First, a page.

Monday, May 20, 2019

Teen brain development

According to a new study, one in 4 Americans is a teenager or young adult, and the period represents some of the greatest peril and promise of their lives. Supports or inequities in adolescence are particularly likely to "get under the skin" of adolescents developing who they will be as adults. Emerging research identified adolescence and young adulthood—the period roughly from ages 10 to 24—as a second "critical window" of brain development after the early years. During this time, students become better at social learning, pattern recognition, and more responsive to changes in school and academic climates. Teenagers have been found to gain or lose as many as 20 IQ points during this period, making testing potentially less valid at the exact time it is used for critical decisions about their educational trajectory. Math or reading gender gaps can close or even flip. Teenagers' brain malleability, the research committee found, means that interventions during secondary school can help students overcome trauma or adversity in their early life. But adolescents also become increasingly aware of and damaged by bias, stereotypes, and institutional or social inequities, the report found, which can create "missed opportunities" for learning and becoming more resilient. Instructional interventions considered effective with younger students can suddenly backfire, and adolescents also have the greatest risk for developing mental illnesses or becoming involved in the justice system.
https://www.nap.edu/read/25388/chapter/1#iii 

Saturday, January 12, 2019

Technology’s Impact on Education – Digital Learning Tools in Classes

Education Week released a special report investigating the impact technology is having in K-12 schools as digital learning tools flood classrooms across the country. The report reveals that technology is failing to reach its full potential in K-12 schools, despite the rapid infusion of new devices and technologies into the classroom. Further, disparities in technology access and adoption, and in the ways new tools are integrated into instruction, may be fueling a new digital divide that threatens to exacerbate long-standing inequities and separate education’s haves and have-nots along new fault lines.  

Herold, B. (2017). Technology counts 2017: Classroom tech: Where schools stand. Bethesda, MD: Education Week.
https://www.edweek.org/ew/articles/2017/06/14/poor-students-face-digital-divide-in-teacher-technology-training.html


Gender Differences in Writing and Reading

As early as the 4th grade, girls perform better than boys on standardized tests in reading and writing, and as they get older that achievement gap widens even more, according to one study. While the tests showed that girls, in general, scored significantly higher than boys in both reading and writing in the fourth grade, that gap widened further in eighth and 12th grades, and the difference was far more substantial for writing than it was for reading. The authors offered several theories to explain the findings. For instance, boys are statistically more likely to have a learning disability and they may also face peer pressure to conform to masculine norms, which could cause them not to make reading a priority.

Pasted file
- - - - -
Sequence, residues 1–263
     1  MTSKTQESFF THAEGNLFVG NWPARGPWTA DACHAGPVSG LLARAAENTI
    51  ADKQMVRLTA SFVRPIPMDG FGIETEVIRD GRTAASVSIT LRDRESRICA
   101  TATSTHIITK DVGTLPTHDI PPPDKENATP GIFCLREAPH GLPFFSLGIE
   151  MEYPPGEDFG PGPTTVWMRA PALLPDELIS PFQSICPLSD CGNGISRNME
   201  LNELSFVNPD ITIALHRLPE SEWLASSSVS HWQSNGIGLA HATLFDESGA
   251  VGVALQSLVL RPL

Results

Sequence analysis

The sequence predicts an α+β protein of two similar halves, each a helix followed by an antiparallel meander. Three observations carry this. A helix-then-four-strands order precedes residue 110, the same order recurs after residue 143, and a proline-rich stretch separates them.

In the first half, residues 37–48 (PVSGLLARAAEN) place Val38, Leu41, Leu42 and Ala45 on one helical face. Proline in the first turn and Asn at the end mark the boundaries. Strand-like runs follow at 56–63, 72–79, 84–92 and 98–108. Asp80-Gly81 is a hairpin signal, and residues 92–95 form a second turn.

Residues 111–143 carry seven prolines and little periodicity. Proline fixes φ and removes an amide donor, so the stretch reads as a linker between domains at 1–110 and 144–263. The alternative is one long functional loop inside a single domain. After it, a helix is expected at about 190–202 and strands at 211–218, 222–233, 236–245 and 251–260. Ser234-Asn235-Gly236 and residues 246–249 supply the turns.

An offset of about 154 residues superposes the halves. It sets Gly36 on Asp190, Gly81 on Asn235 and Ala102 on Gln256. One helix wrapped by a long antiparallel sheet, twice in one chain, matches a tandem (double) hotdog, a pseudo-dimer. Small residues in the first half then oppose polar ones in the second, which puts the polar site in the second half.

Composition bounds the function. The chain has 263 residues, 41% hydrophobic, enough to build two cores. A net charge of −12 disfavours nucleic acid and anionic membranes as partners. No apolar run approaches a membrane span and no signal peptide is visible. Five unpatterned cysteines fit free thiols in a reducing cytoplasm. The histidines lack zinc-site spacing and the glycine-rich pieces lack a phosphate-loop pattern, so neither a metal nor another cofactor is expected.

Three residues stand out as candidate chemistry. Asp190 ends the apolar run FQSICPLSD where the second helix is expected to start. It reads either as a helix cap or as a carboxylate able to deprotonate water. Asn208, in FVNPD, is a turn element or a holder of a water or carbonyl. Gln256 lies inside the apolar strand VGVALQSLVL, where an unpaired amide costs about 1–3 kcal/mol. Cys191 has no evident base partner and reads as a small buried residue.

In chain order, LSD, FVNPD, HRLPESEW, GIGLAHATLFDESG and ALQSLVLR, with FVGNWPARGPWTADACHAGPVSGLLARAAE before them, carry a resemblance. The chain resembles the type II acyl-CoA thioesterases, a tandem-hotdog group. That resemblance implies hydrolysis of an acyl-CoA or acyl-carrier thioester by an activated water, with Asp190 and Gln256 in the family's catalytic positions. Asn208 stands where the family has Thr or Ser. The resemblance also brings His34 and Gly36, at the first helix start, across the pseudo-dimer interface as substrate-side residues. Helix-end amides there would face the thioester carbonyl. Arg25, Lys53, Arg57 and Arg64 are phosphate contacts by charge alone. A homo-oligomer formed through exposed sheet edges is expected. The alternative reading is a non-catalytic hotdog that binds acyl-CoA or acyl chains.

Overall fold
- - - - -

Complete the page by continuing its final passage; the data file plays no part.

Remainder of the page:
Reilly, D., Neumann, D. L., & Andrews, G. (2018). Gender differences in reading and writing achievement: Evidence from the National Assessment of Educational Progress (NAEP). American Psychologist. http://dx.doi.org/10.1037/amp0000356


Effects of Apps on Learning

According to a report by Brightbytes, a median of 30 percent of the ed-tech licenses purchased by K-12 districts–as tracked through a proprietary platform–are never used. And a median of 97.6 ed-tech licenses are never used “intensively”. A team of leading researchers and analysts explored data from the BrightBytes Learning Outcomes module to determine the range of cost per license for purchased apps, the degree purchased apps are being used, and the level of effectiveness apps have for math, science, and ELA. The results of this research show which apps are having a positive impact on student learning, and the environments in which this work is successful.

Baker, R. S., & Gowda, S. M. (2018). Highlights from the Brightbytes’ 2018 Annual Insights Report: Towards understanding app effectiveness and cost. San Francisco, CA: Brightbytes. http://pages.brightbytes.net/LOSnapappInfographic_LOCalculatorLP.html